Most of the diseases that we see today are new and can be traced back to the spread of western dietary ideals around the world.
Diabetes in particular is the latest epidemic. Diabetes is a disease that originates from overconsumption of carbohydrates (there are more contributing factors but refined carbohydrates are the main culprits) and diabetes is being shown to play a key role in contributing to one’s risk of cancer, alzheimer’s, arthritis and parkinson’s, just to name a few. 
But Not Everyone is Diabetic
It is now said that more than 1 in 3 Americans have prediabetes.  Prediabetes is a condition in which one’s blood sugar levels are higher than normal, indicating that they are on their way to developing type 2 diabetes. This is an epidemic that has never been seen before!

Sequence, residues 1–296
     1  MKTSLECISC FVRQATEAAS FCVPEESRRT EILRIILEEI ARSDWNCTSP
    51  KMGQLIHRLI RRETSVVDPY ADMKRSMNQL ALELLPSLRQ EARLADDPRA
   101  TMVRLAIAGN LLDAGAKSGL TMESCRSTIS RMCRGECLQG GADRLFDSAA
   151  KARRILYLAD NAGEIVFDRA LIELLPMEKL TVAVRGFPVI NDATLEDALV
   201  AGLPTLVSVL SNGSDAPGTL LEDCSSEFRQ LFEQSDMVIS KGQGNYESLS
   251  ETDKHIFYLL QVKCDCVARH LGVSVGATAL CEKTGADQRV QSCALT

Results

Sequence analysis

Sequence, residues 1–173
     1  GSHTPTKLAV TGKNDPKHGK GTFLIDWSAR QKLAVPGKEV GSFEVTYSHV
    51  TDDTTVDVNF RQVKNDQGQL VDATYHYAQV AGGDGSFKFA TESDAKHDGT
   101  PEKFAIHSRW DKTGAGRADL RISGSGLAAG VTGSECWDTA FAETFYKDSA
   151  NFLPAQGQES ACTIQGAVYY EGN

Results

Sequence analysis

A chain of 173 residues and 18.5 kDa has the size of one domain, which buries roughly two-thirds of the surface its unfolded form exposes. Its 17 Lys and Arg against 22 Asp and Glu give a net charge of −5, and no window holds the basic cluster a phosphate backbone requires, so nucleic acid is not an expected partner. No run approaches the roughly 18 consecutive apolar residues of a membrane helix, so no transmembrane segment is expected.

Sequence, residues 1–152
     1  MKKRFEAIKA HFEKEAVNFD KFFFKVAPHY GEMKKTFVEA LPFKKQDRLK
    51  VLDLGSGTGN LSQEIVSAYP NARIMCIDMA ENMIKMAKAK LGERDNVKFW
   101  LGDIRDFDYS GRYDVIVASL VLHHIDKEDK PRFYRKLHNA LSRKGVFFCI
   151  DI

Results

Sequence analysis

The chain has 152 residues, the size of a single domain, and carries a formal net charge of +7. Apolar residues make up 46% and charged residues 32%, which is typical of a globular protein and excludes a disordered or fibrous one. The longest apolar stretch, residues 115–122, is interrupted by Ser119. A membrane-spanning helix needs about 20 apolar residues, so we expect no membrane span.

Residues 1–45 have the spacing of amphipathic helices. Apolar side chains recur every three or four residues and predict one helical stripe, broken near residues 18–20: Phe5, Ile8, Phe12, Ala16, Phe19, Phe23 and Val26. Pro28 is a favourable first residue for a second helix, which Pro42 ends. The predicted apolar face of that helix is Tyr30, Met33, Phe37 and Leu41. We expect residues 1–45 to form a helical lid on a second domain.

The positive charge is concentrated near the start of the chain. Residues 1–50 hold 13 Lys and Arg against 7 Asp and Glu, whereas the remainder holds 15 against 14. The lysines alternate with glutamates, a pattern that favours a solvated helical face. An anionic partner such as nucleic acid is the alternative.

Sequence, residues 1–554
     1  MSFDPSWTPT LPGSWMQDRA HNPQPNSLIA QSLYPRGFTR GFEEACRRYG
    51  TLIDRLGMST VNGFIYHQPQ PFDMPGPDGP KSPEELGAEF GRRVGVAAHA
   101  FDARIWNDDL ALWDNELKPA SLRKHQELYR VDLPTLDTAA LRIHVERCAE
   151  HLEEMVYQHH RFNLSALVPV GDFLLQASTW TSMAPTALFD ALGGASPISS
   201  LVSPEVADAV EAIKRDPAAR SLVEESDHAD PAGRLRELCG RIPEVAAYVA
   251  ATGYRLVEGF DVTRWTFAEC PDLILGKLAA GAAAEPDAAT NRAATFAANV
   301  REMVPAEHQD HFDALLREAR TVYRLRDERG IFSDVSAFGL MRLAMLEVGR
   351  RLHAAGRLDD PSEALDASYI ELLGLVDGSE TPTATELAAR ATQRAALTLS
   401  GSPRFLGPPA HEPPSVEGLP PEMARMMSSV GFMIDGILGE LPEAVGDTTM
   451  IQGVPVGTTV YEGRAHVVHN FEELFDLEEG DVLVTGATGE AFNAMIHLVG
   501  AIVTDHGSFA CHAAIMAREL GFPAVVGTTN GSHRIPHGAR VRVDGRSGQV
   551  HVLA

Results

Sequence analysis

The problem is that our society revolves around carbohydrates (especially refined carbohydrates). Placing emphasis on these foods makes us very carbohydrate dependant.
Have you ever missed a meal and felt very irritable because of it? That’s a sign that you are carb dependant.
Carbohydrates (later digested into glucose in your body) are one of your brain’s fuel sources. The other fuel source is ketones. You can get ketones in one of two ways:
- Cut all carbohydrates out of your diet and wait a few days until your body begins to pull fatty acids from your fat stores to turns them into ketones
- Start fasting and wait a couple days for your body to pull fatty acids from your fat stores to turns them into ketones
When your body has fully adapted to the use of ketones as fuel, missing a meal no longer has the same effect. Hunger even becomes reduced. Consuming primarily carbohydrates around the clock will make you dependant on carbohydrates, since that’s all that you’ve ever shown your body.